Why you should consider the Chase Sapphire Reserve

Even with all the great features this card offers, it is not for everyone. There is a $450 annual fee, plus $75 for each additional cardholder. To make matters worse, Chase is usually pretty stringent with its SCRA benefits, so even as an active duty military member, there is probably no way around that annual fee. That means sitting down and crunching numbers. $450 annually may seem steep, but if you spend just $300 a year on travel (hotel, airfare, metro, parking, etc.), that annual fee is now, essentially, $150. That’s a lot easier to justify, especially given the fact that you earn such a great amount of points with this card and are able to capitalize on the other perks. The rental car benefits alone could save you hundreds of dollar a year. Also, let’s not overlook the huge sign-up bonus. That, by itself, pays for the annual fee three times over, and that’s without transferring points to airline or hotel partners. Three years should be enough time to evaluate if this card is worth it to you and if your spending pattern and habits allow you to maximize the benefits of this card. I’m definitely considering the CSR, simply because the benefits of this card essentially pay for the annual fee in my case. But I will have to wait to apply, due to Chase’s infamous 5/24 rule. I’ve opened more than 5 credit card accounts in the past 24 months, so I am not eligible for any Chase cards (except for co-branded cards) at this time.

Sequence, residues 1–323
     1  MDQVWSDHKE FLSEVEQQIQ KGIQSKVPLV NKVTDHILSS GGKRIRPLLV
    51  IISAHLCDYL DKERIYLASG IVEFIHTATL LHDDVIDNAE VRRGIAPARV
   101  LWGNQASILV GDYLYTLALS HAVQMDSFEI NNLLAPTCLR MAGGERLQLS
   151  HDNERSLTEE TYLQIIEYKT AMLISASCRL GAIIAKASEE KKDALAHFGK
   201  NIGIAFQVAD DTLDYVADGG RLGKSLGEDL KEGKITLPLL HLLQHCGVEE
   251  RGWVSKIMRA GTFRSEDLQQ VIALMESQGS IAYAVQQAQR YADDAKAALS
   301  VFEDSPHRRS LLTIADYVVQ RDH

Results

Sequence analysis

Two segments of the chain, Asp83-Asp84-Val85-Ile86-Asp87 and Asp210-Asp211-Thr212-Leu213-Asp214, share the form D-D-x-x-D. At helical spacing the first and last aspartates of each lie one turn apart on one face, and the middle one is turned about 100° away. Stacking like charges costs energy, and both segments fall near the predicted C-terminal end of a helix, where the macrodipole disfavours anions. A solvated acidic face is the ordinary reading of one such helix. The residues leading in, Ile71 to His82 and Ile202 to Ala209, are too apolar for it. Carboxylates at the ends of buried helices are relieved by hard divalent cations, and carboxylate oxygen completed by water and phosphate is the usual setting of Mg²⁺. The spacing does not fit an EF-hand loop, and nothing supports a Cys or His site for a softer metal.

When you should skip this card

If you’re just starting out collecting points, this juggernaut of a card may not be your best option at this point. You should always do your research before applying for any new cards, especially if they come with a high annual fee. Also, this card does require an excellent credit score (750+), so make sure your credit score is up for that before applying.

Another reason to skip this card is if your spending habits simply do not allow you to acquire enough points to offset the annual fee. Even though Chase is very generous with their travel and dining category, everyone’s lifestyle is different. Bottom line, evaluate your situation to see if this card is right for you. If you decide that it isn’t, the Chase Sapphire Preferred card is a great alternative. It still gives you access to UR points (and turns points acquired with the Chase Freedom and Freedom Unlimited into UR points), but for a $95 annual fee. The CSP also comes with a host of benefits and offers an amazing opportunity to earn points.


Do you have the Chase Sapphire Reserve, or the Preferred? What’s your experience and which benefits do you value the most?